Advertising and alcoholism
A new alcohol policy proposed at Buena Vista University has stirred up an interesting debate involving the student newspaper, "The Tack."
Students from The Tack addressed the university senate recently, protesting a part of the policy under which the university could ban advertising of alcohol products in campus media.
The Tack students offer a two-part argument: One, that banning a particular form of ads is a violation of their freedom of speech; and two, that the ban will take away ad revenue they need to keep printing the paper.
As to whether the moral or financial argument is the one of most validity, you'll have to decide for yourself.
And, to further spice up the discussion, the students say that if they can't run bar ads, that all the magazines and newspapers in the library with liquor ads should be removed, along with some residence hall floor shirts and everything else that refers to drinking.
The whole issue is a fascinating one. BVU undertook an intensive survey and study into the drinking habits of campus residents, and found, of course, that some students are alcoholics, and most are not. The study is a springboard to a new policy on alcohol designed to reduce binge drinking. Nobody seems to be questioning the need for such a well-minded effort.
I doubt if anyone really believes that leaving bars out of the school paper, radio and TV advertisements is going to cause students not to drink.
If not, it's just a "statement" issue then.
The university - and its media - are private, and it can probably weather the challenge of its own students. It might get stickier if a local bar or liquor store decided to take the issue to court for discrimination against its right to advertise a legal product.
This and most other newspapers don't ban booze ads. We don't get too many - we're family-oriented and not necessarily the target audience. Papers like ours can and do refuse ads they feel are not appropriate for their audience. Perhaps a "Drink 'Til You Drown" night isn't such a great idea, especially if it gets your bar shut down because of underage boozers in the crowd.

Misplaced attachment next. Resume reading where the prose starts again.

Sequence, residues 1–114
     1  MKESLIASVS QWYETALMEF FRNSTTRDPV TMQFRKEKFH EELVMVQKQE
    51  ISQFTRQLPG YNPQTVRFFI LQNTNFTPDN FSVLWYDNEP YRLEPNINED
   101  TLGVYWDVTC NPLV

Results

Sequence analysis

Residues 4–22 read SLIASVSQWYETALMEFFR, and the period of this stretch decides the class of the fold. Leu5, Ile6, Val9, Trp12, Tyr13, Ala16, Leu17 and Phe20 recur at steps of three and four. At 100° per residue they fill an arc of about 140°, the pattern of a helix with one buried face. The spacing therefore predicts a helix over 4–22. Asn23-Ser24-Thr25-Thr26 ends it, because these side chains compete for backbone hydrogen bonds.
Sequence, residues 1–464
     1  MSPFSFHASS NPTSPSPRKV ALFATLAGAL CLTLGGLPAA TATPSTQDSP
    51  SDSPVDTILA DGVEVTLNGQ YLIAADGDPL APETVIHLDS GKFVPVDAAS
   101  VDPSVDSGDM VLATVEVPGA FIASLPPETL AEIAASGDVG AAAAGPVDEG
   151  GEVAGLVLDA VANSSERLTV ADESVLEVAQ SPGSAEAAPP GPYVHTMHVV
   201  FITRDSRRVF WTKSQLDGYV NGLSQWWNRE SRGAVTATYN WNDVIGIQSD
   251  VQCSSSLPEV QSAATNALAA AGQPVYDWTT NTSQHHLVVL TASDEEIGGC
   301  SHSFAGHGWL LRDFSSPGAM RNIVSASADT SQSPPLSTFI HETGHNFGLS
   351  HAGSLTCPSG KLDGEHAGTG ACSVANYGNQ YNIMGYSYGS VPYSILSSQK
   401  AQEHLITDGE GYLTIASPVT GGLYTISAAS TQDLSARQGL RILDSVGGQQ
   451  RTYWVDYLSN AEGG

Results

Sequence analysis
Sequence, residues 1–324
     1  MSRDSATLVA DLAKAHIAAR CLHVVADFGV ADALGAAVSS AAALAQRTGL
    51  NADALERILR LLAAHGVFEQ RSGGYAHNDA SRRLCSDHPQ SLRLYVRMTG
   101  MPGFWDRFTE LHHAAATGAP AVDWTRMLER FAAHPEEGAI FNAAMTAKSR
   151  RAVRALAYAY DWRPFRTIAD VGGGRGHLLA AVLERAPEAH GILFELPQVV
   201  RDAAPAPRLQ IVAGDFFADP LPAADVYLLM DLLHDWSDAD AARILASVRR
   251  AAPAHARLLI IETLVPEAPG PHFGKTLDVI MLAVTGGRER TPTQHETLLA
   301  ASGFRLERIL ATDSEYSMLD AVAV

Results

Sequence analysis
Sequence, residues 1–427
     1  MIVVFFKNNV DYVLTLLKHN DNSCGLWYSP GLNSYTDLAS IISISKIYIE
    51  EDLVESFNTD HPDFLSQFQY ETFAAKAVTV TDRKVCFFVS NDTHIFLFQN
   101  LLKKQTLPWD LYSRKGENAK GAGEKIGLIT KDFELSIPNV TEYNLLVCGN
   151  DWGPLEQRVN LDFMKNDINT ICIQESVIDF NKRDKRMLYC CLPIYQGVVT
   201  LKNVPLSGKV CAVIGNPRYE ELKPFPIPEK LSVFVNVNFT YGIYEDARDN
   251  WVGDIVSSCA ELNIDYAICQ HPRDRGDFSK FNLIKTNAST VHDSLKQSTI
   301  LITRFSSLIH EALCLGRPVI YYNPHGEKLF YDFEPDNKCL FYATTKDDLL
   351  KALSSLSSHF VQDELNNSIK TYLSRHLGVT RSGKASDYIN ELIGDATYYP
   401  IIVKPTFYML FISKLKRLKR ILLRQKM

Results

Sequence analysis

One columnist in The Tack suggests that university officials fear taking the steps to "attack the root of the problem" - going to the city council for an age limit on bar entry or adopting limits on alcohol use on campus. The result would be a drop in enrollment, the columnist suggests. Of course, an opinion in the same issue by a member of The Tack editorial board strongly supports decriminalization of private use of marijuana.
Anyway, the BVU alcohol policies are well-intentioned and an example other schools might do well to follow.
But the alcohol advertising ban might not be worth the hassle. It can't be expected to achieve much in a practical way to stop alcoholism, and the perception of university manipulation of the students' news products could backfire.
How do you stop binge drinking? Even education won't have much of an impact - college age people know the effects and have made up their own minds whether they care or not. It would take changes in habits toward other activities to make much difference. It is telling that The Tack features a cartoon titled "Just some of the exciting things to do in Storm Lake" - with only an empty white square for the art. It will also require a shift in the attitude that it's acceptable and even attractive to get regularly trashed.
Which BVU do we preach to? The one that needs to use a drunk bus to get its students back and forth from the bars in one piece? Or the one that is finding great success with its first non-drinking residence hall?
We notice The Tack uses disclaimers on alcohol ads calling for responsible consumption. And most of the bar ads in the latest issue talks about live music and meal specials with little on drinks. That's a pretty good compromise move for the young journalists.
Banning the ads would help ignore the problem, but it wouldn't do much to solve it. Freedom of the press is also a lesson worth teaching.